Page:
You may not know the vesica piscis by name, but you probably recognize the Pythagorean symbol: two intersecting circles whose centers rest on the other’s perimeter. It’s also a type of camera lens.
Sometimes called a “cosmic womb,” vesica piscis circles represent the intersection of the material and spiritual worlds.
5. The Number 2
Many people — across cultures — see the number two as the purest form of the duality concept. After all, it takes two forces to achieve balance.
Moreover, in Buddhism, the number two represents the duality of samsara and nirvana — or the earthly and heavenly realms.
The Chakana or Inca Cross is a perfectly symmetrical design originated by the Incas. It’s a multi-tiered cross with a perfect circle at its center.
The Chakana represented the Incan concept of Yanatin, which speaks to the idea of reciprocal energies ruling the world and creating life.
In the symbol’s early existence, its circle stood for Cusco, the capital and center of the Incan Empire. However, when Spanish conquistadors landed and the idea of Cusco being the center of the universe shattered, the circle became a theoretical representation of life’s center.
7. Double Fish
Two fish swimming in opposite directions to form a circle is another ancient symbol of dualism. Over the centuries, many religions have used it to represent opposing creation energies.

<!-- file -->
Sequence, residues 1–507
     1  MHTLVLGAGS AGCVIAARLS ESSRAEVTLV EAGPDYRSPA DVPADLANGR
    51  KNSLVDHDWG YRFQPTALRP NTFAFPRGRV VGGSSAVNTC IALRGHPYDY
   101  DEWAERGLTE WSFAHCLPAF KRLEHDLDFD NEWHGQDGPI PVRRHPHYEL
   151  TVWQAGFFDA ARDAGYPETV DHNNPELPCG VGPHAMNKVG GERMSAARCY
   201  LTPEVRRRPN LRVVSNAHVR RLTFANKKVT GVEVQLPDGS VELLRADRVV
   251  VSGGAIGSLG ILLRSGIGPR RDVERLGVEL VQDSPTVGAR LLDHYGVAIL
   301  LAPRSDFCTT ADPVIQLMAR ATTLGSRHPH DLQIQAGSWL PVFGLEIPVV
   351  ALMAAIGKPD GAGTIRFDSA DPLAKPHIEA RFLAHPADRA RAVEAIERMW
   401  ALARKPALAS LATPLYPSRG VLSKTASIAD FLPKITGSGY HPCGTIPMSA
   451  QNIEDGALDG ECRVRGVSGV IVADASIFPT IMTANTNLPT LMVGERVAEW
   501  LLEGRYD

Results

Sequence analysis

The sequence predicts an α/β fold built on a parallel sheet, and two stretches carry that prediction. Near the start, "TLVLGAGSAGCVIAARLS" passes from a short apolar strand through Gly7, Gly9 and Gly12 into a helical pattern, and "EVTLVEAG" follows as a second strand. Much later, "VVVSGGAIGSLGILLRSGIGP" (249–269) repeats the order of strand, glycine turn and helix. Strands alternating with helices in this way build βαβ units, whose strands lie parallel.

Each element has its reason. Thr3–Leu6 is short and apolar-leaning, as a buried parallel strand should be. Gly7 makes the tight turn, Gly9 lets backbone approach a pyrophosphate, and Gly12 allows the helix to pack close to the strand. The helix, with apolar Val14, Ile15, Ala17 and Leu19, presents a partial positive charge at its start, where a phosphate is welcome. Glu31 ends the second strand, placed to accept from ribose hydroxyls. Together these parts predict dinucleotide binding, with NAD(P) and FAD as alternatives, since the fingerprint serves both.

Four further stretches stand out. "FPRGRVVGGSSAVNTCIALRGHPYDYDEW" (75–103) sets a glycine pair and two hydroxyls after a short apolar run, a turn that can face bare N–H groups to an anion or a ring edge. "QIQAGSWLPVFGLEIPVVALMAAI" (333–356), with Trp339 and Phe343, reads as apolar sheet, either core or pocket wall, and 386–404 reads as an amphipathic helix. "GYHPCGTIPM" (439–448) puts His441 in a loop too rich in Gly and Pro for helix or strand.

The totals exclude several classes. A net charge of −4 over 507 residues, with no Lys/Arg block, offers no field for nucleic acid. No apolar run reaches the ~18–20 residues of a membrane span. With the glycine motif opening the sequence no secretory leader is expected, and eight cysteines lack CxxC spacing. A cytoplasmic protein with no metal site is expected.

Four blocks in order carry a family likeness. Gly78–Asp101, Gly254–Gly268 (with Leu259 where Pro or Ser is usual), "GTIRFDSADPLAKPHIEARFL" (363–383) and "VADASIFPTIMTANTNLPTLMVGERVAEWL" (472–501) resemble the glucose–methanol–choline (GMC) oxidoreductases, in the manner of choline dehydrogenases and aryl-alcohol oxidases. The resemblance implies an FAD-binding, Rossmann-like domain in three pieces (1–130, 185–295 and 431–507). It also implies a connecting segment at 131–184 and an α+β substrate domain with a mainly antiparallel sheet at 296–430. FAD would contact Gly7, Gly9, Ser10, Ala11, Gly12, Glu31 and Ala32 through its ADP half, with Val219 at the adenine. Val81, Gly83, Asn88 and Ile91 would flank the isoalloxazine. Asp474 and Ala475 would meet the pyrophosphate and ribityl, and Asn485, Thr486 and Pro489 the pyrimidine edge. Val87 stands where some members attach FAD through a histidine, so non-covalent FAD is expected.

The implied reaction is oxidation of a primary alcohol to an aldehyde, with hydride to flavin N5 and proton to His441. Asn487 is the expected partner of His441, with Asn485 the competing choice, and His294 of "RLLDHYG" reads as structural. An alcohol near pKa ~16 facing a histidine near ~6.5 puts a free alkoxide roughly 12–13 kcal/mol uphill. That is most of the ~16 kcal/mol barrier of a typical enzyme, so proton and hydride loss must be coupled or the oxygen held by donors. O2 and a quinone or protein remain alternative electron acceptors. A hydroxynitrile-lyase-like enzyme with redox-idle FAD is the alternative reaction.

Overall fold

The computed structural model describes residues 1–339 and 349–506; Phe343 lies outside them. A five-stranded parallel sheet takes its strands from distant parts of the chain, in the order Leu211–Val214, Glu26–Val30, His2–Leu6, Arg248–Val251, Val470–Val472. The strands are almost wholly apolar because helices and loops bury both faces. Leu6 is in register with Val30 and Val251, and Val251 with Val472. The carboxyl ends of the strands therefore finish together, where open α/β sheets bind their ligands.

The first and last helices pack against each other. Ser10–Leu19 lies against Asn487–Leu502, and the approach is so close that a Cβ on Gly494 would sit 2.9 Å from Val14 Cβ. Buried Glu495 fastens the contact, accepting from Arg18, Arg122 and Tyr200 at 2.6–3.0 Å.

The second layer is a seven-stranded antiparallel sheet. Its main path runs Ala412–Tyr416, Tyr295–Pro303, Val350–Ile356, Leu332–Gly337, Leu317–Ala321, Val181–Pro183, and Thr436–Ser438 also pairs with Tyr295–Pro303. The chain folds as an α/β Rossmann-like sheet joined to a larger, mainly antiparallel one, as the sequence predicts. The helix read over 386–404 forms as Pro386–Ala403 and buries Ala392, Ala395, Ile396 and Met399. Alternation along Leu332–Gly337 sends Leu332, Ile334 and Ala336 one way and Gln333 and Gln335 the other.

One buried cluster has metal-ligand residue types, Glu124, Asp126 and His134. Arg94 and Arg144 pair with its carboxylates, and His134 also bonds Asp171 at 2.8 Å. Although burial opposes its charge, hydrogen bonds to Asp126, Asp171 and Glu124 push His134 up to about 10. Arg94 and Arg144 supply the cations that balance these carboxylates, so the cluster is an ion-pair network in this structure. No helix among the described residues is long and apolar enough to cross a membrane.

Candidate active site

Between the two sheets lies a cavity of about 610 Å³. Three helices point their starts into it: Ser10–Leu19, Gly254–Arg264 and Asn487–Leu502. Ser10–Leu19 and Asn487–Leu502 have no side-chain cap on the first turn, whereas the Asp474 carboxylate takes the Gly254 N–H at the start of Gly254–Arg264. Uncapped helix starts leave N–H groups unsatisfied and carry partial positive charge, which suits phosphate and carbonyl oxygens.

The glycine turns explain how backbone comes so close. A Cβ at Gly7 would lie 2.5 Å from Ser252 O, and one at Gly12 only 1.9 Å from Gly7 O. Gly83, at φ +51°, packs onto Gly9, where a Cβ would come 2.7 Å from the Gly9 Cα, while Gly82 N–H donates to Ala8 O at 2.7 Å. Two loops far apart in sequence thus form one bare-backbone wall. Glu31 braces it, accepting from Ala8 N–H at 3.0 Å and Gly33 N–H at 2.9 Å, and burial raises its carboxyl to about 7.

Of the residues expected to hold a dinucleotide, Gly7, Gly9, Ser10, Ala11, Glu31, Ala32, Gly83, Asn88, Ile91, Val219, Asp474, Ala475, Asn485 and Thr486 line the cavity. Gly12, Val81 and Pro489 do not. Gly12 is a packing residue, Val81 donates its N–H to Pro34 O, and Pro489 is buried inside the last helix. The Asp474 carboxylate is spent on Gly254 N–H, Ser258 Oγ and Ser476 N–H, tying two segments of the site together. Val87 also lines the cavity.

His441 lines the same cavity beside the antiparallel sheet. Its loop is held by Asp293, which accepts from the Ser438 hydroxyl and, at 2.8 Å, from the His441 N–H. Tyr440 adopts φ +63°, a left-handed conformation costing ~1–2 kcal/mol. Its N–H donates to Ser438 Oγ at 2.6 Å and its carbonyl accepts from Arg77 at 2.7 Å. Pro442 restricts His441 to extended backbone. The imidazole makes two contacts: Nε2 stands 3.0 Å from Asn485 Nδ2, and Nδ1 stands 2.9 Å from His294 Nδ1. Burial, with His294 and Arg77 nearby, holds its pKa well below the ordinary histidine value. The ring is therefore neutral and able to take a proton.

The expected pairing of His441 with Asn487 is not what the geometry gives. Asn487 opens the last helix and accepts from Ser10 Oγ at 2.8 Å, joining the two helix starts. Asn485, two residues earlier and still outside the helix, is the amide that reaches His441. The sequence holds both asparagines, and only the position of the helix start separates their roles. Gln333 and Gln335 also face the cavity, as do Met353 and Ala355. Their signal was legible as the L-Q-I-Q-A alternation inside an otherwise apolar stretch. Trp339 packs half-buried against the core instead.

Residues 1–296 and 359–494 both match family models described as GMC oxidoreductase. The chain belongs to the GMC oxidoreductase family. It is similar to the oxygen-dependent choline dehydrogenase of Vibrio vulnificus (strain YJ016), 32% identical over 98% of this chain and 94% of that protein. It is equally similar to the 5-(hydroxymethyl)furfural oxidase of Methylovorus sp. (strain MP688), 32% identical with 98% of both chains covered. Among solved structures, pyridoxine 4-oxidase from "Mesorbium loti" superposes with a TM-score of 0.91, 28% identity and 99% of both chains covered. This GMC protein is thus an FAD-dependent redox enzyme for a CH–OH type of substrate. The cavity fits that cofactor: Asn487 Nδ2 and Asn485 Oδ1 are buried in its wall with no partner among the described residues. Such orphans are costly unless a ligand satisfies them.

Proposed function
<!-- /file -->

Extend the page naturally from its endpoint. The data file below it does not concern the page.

Other interpretations of the double fish include left and right brain hemispheres, mind and heart, and thoughts and emotions.
Notably, two goldfish symbolize duality and balance in Buddhism.
Known for their bravery and stalwart natures, magpies have long been acknowledged as a symbol of duality and reconciliation.
They earned their status primarily because of their black and white feathers, which are seen as a natural occurrence of duality.
9. The Buddha
Many Buddhist traditions, especially the Dvaita school of thought, view the Buddha as a symbol of balance and duality.
Even though the Buddha was an individual, according to the religion’s teachings, his enlightenment ascension meant he’d achieved a perfect balance of opposing forces.
Moreover, the Buddha is seen as both teacher and student, another dualistic pairing.
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10. Gingko Tree
Sometimes spelled “ginko,” the gingko tree is one of the planet’s oldest species, first appearing about 290 million years ago.
Also called the maidenhair tree, the gingko is native to China and has long been seen as a symbol of dualistic forces working in union to survive through the planet’s long history.
Cousins to horses, zebras, and their iconic black and white stripes symbolize duality in several African cultures. The alternating stripes are seen as reminders of opposing forces that must be acknowledged and balanced to lead a good life.
Fascinatingly, no two zebras have the same exact pattern, and each animal has the same number of stripes in each color.
Janus was an ancient Roman god. Depicted with two visages facing in opposite directions, he was the deity that presided over the beginning and end of conflict — i.e., the god of war and peace. As such, Janus is considered a symbol of duality.